I’m a Lumines fanboy from back in the days of the PSP. Lumines was my most played PSP game. I had racked up over 30 hours of play time before moving on to the PS3 and Vita versions. I was sceptical heading into the new mobile incarnation Lumines: Puzzle & Music because of the negative buzz surrounding Lumines: Touch Fusion, the old iOS game pulled from the app store years ago because of its poor controls. Well after many hours of seizure-inducing lights and electro beats I can safely say that Lumines: Puzzle & Music is good. Although it gets across the line by sacrificing some of the intense difficulty and doesn’t feature much content for its price tag.
Let’s address the controls. Yes they 100% work. Blocks move by swiping the screen left or right and tapping to rotate them clockwise. If you prefer counter-clockwise rotation, there’s an option for that in the menu. Movement is smooth and responsive. I never found my finger getting in the way of the puzzle nor did I ever make mistakes because of the controls. I believe the controls are successful because the game is slower than the previous version of Lumines. This is not a criticism simply an observation. The game is still challenging and if slower moving pieces are what it takes for Lumines to work on a touch screen, so be it.
Now let’s take a step back. If you are unfamiliar, Lumines is a puzzle game in the vein of Tetris where blocks fall from the top of the screen. They drop in a 4×4 pattern featuring a mix of two colours. Your job is to rotate the blocks and match the colours to what’s already fallen to the ground. Then the ‘timelines’ sweeps across the screen, removing your matches. What separates Lumines from every other block puzzle game is the music. The block’s and timeline’s speed synchronises to the beat with each song, or ‘skin’. With each skin, the colours and sound effects change too. You are dropping blocks to what is mostly Japanese pop-synth.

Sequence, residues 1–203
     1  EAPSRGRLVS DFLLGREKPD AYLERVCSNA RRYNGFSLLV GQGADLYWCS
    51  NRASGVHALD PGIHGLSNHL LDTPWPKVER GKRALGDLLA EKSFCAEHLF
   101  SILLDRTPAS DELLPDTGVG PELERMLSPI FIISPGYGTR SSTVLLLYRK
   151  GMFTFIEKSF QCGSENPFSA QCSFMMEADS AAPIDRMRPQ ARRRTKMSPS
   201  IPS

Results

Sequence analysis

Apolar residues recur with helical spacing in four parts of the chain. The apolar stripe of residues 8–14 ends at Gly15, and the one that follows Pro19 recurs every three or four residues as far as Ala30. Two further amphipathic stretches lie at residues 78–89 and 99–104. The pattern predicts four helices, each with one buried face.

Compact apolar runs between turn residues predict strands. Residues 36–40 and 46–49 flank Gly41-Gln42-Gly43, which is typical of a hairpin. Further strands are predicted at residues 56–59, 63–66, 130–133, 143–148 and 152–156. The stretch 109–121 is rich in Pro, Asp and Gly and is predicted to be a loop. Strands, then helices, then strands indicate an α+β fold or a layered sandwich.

There are 18 skins and multiple avatars to unlock across two different albums. Puzzle & Music contains new skins for this version, while the Classic album features content from the PSP game. Each album includes three different difficulty settings plus an endless mode. Unlocking each mode requires you to clear the mode before them. Each mode requires you to survive all of the skins it throws at you, usually five or six. Each skin is added to your collection to replay in Single Skin mode. The soundtrack is great, although it’s missing some of the big names from previous versions such as Beck, The Go Team and The Chemical Brothers.
Where Lumines: Puzzle & Music stumbles, is its lack of content for its moderately high price tag. With a price of $4.49 AU, one would expect a decent amount of content, although this version is lacking in the number of skins compared to others and is completely missing puzzle and time attack modes. There is space on the main menu for new content, so I assume it will be added later as in-app purchases.
This is not the first Lumines to be criticised for in-game purchases. I can recall the Xbox 360 version missing the extra modes which were available on day one as paid DLC. I wouldn’t consider this an issue except many other Lumines games have included these modes and more skins variety as part of the base game. I currently have free to play games on my phone that feature more content, so the lack of variety is disappointing.
Overall, Lumines: Puzzle & Music is a solid mobile port of an excellent puzzle game. Many mobile gamers will likely never experience it because of the price. Those Lumines fans out there that have spent almost $5 may be a little ticked off with the lack of content. Mobcast need to be careful moving ahead with the franchise if they wish for the mobile future of Lumines to be a success.
Lumines Puzzle & Music is available now on iOS and Google Play.
Michael Vane is a freelance journalist and co-editor of PN2. He’s on Twitter @DrVane